“What did the President know and when did he know it?”
That was the pivotal question of the US Senate’s Watergate hearings, uttered by the Republican senator Howard Baker in 1973. As witness after witness gave evidence that the 1972 break-in at the Democratic National Convention headquarters and subsequent cover-up had been ordered by members of President Richard Nixon’s inner circle, it became vital to know just how far up the conspiracy went. Answering Baker’s question became a national obsession. The hearings were televised and became America’s favourite soap opera: one contemporary survey found that 85 per cent of all US households had tuned in to at least some portion of them.
Yet Baker didn’t ask his question in the expectation that Nixon would be exposed as the chief conspirator. He had been an ally of the president and had gone to a private meeting with Nixon at the White House in February 1973. During the explosive testimony of former White House counsel John Dean (who publicly confessed to his involvement in the cover-up), Baker actually asked his famous question in an attempt to shield Nixon from any suggestion of wrongdoing. He was expecting the answer: “Nothing, the president knew nothing.”
Slow Burn, Slate magazine’s recent podcast series about Watergate, focuses in on just this kind of discrepancy of perception. The purpose of the show is to recreate the experience of living through the scandal, rather than to examine it with the benefit of hindsight. It seeks to understand what a politically engaged person, consuming the available media about Watergate in print and via broadcast, could have known about the true nature of events as they were happening.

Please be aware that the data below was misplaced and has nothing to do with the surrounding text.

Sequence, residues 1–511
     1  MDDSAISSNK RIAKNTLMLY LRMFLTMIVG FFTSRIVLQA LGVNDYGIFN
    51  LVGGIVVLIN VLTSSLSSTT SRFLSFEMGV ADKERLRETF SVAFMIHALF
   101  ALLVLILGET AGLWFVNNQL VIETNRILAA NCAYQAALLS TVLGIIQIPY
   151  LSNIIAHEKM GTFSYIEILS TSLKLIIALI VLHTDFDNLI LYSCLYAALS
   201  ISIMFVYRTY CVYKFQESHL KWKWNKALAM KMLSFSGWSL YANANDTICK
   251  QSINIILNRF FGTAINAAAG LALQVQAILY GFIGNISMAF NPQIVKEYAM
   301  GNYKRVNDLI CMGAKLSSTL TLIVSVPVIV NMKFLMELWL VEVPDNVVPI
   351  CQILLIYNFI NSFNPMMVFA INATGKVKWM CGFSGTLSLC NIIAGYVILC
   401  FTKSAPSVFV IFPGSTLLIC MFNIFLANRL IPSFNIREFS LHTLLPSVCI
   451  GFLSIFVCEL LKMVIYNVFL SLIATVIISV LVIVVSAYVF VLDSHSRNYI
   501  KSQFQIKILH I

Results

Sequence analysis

To do this, host Leon Neyfakh and producer Andrew Parsons use archival footage from early 1970s talk shows and news broadcasts as well as interviews with people who were there. The podcast format is ideally suited to telling this story, with the episodic structure following the chronology of the case. Neyfakh focuses on a different character in each instalment, often someone who caused a big stir at the time, but is mostly missing from today’s well-known version of events. His delivery is well-paced and colloquial enough to be relatable (he sounds, as Sarah Larson put it in the New Yorker, “like a wonk who’s truly enjoying himself”). The resulting show is a dense, and often surprising, account of a scandal that we know far less about that we think.
For instance, the series opens with the story of Martha Mitchell, wife of former US Attorney General and Nixon campaign chief John Mitchell. She was infamous at the time as “the mouth of the south”, a gobby political wife who liked to eavesdrop on her husband’s meetings and could always be relied on by journalists for an incendiary quote. Neyfakh tells her story in shocked tones, astonished that he had never heard of her himself before beginning to research the show. After the Watergate break-in, staged to wiretap the rival party’s phones, Nixon’s henchmen felt they couldn’t take any chances with Martha — one of the burglars had formerly worked as her security guard, and if she recognised him she would surely suspect that her husband, and Nixon’s campaign, had some involvement.